On January 1, 2017 a revised statute went into effect that changes the laws on what punishments can and should be handed out to children who have fights in school. Previously a child could be charged with a misdemeanor and released to their parents. Now they will get plugged into the school to prison pipeline just that much faster.
However, with the new law going into effect on January 1, that student will now head to a juvenile detention center and be charged with a Class E felony.
That means they could spend up to four years in jail.
One of the serious issues here is that schools, by the new definitions of the law, are mandated to report any and all “first degree harassment” or fights to the authorities—if those situations arise during school hours and under a school’s jurisdiction. According to Susan Goldammer, a lawyer for the Missouri School Boards’ Association who was interviewed by Kansas City 41’s KSHB, this means that the change in statute is really about tying educators’ hands.
SG: The mandated reporting laws require that we contact law enforcement. For most of our students, they are under the age of 17 and that would probably be the juvenile office. For the students that are 17 or older, we would call the police.
41: Will all calls to law enforcement result in felonies?
SG: Just because the school district reports an offense it doesn’t mean that any subsequent action will take place. It is up to the discretion of law enforcement, the juvenile office, [and] the prosecutors to determine whether a student should be charged with a crime or if action needs to be brought in juvenile court regarding the actions of the particular students. So there is a lot of discretion on the law enforcement end of it to determine if this actually results in any kind of criminal record for the students, but school districts do not have that discussion.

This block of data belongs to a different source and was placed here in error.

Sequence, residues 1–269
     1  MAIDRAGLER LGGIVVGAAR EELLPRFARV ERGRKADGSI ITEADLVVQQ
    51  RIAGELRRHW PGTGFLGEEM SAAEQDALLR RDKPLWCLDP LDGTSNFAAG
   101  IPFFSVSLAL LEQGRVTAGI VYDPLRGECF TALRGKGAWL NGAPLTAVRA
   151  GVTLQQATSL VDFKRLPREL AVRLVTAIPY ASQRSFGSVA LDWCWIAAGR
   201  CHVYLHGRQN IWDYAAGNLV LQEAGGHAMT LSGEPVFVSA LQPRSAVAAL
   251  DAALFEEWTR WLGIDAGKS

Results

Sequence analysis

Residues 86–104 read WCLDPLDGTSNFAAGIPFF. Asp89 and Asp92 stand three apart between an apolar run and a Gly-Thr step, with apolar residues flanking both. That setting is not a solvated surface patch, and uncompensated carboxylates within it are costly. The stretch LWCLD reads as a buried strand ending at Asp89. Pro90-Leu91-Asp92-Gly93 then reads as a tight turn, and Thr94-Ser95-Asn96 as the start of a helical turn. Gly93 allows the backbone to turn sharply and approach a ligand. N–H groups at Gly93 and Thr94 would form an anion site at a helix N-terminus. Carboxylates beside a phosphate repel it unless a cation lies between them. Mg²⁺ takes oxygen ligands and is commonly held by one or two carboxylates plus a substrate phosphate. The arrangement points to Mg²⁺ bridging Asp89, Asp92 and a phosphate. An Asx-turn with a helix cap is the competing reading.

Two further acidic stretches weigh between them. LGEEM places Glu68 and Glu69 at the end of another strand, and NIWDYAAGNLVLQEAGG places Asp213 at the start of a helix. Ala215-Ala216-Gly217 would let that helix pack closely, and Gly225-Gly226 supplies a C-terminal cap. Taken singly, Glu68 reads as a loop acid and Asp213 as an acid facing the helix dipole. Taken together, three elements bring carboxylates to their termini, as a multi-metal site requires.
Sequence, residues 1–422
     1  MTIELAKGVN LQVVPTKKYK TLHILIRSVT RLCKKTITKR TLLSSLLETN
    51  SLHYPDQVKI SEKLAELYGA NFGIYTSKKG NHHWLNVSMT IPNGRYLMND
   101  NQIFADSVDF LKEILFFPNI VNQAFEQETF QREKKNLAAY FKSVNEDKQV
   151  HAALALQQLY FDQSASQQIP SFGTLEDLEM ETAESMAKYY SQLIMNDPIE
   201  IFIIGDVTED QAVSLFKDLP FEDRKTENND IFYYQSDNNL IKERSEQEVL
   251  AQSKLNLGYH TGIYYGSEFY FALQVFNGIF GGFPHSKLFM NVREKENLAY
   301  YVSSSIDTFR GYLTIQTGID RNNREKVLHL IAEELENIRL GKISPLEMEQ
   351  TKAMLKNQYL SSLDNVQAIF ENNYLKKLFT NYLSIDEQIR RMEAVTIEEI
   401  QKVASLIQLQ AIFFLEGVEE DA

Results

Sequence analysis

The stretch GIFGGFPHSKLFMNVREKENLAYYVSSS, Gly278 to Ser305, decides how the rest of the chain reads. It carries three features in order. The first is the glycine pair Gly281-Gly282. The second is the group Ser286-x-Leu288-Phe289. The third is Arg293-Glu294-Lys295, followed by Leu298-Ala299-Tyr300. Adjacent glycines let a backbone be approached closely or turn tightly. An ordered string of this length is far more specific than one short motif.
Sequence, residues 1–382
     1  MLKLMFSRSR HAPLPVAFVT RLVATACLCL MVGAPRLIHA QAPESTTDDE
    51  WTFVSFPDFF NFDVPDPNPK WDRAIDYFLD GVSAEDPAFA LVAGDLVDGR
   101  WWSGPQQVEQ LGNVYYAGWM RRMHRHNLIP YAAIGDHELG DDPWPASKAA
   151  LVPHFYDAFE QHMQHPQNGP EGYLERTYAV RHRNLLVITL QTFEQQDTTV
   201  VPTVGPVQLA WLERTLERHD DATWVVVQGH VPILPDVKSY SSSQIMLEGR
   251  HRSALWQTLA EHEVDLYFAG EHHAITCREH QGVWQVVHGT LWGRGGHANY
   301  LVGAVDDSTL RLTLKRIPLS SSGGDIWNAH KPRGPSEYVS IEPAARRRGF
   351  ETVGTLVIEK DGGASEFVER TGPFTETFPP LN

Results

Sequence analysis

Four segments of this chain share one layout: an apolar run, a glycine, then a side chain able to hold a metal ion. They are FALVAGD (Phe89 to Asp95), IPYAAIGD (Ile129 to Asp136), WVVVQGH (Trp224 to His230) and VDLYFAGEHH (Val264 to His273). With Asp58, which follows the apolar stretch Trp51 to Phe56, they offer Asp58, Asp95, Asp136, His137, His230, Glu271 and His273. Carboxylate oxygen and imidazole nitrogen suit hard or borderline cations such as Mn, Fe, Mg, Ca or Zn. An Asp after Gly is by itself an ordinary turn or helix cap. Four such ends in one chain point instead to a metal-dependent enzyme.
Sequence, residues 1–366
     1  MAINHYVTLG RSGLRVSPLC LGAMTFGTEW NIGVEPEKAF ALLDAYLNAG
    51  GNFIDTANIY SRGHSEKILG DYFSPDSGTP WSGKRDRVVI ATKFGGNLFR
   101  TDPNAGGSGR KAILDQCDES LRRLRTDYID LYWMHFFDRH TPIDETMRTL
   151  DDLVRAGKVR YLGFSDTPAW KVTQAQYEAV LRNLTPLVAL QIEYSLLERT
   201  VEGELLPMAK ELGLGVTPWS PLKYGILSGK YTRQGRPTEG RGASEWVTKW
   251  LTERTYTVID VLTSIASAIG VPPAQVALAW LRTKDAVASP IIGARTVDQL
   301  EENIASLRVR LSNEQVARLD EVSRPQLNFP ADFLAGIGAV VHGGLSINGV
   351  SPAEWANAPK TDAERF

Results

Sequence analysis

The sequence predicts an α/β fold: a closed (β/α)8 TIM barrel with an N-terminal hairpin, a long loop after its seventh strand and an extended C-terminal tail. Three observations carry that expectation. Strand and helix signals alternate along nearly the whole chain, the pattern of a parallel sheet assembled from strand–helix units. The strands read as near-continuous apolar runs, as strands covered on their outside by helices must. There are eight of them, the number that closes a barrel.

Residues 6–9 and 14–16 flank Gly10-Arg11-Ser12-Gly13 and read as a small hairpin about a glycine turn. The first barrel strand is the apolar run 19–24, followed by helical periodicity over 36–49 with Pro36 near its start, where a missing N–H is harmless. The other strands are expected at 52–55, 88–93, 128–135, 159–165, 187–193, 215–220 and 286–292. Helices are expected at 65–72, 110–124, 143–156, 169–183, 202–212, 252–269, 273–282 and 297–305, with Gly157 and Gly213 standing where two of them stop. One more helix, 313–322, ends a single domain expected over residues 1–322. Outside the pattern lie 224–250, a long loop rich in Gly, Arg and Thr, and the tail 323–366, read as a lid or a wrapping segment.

Proponents of the law say that this will be a deterrent for young people. Science and data and psychology say that that is one hundred percent not how conflict resolution and teaching young people how to handle high stress, highly emotional situations. It’s especially hard when there is serious evidence that a) young people don’t necessarily have the minds to control certain impulses under certain conditions that an older person has, and b) just because you have a fight or fights doesn’t mean you should be sent to jail to be turned into a hardened criminal.
Violence toward others also tends to peak in adolescent years, says psychiatrist Peter Ash of Emory University. It’s mostly likely to start around age 16, and people who haven’t committed a violent crime by age 19 only rarely start doing it later, he said.
The good news here, he said, is that a violent adolescent doesn’t necessarily become a violent adult. Some two-thirds to three-quarters of violent youth grow out of it, he said. “They get more self-controlled.”
Missouri, like most of America, needs to stop relying on police and prisons and systematic racism to solve its problems.